Rangers starting pitcher Robbie Ross didn’t have a stellar outing Wednesday night. He said after the game that it snowballed on him pretty quickly and that he didn’t execute his pitches during a seven-run third inning.
He only threw 3.1 innings in the game.
But it wasn’t all bad for the young lefty. Ross induced 16 ground balls on 24 batters faced. He is in the top five in Major League Baseball in ground ball percentage (GB%) on the season, at 60.4 percent.
Ross also threw 18 first pitch strikes in the game. His one walk broke a 21.1-inning stretch in which he hadn’t walked a batter. That streak spanned 99 batters. So even when Ross is off his game, he has been under control.
Manager Ron Washington said Ross was battling Wednesday, and an executed double play ball in the third inning could've prevented the game from snowballing on Ross.
He just may be right.
Behind Ross, Alexi Ogando allowed an inherited runner to score (something he has done 31 percent of the time over his career) and surrendered one more run. But the last three innings of the game were encouraging from the back half of the ‘pen.
Aaron Poreda, who last played in the majors in 2009 before joining the Rangers’ Big League club this year, pitched another scoreless inning of relief, maintaining his 0.00 ERA and making a case as a reliable left-handed reliever.
Neal Cotts, who has been a question mark in the early going of 2014, pitched a scoreless eighth before Joakim Soria struck out the side in the ninth. The closer the Rangers can get to their bullpen form of last season, when the back third of a ballgame was nearly a lock, the better. If those three pitchers can be dominant in close games too, not just in 11-run blowouts, that’s a good sign for Texas.
On the offensive side of things, it’s hard to find a lot of positives after a series in which the Rangers were outhit by 31 hits and outscored by 21 runs.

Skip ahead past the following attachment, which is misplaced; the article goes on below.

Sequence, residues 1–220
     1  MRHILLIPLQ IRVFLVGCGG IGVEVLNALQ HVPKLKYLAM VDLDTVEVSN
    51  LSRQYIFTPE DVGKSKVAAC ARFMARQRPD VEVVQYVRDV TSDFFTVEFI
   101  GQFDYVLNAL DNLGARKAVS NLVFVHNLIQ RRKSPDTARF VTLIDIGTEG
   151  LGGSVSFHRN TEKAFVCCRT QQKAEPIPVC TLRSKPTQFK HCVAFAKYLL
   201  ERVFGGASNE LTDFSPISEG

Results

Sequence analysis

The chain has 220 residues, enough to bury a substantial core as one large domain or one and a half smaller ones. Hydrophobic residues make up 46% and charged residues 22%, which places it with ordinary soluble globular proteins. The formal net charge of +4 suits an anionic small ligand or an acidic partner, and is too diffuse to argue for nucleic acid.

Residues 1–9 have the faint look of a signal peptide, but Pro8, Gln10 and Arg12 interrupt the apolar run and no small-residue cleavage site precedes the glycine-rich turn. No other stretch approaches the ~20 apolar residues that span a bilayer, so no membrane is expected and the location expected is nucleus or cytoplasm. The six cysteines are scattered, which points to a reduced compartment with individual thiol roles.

But Leonys Martin extended his hit streak to seven games Wednesday with a two-out, eighth-inning single before scoring the team’s only run. Martin has been stellar this season [our own Patrick Despain weighs in on that topic HERE] and continued a solid individual performance even while the team has underachieved at the plate. If Martin can be a rock at the bottom of the order, it will do wonders for the heart of the lineup if and when they return to form.
Lastly, there’s nothing positive to take away from Elvis Andrus’s performance Wednesday, or even from his last week on the field. But what Rangers fans can fall back on is his career .971 fielding percentage -- making a repeat performance of his two-error night Wednesday very unlikely. In fact, his last two-error game came in August of 2012.
So we’ll likely have some time before another shaky defensive performance from Andrus.
Elvis is also a .333 career hitter in Anaheim, where the Rangers travel for their next series. If there’s a place where he has a chance to break out of his 1-for-24 slump, it very well could be Angel Stadium.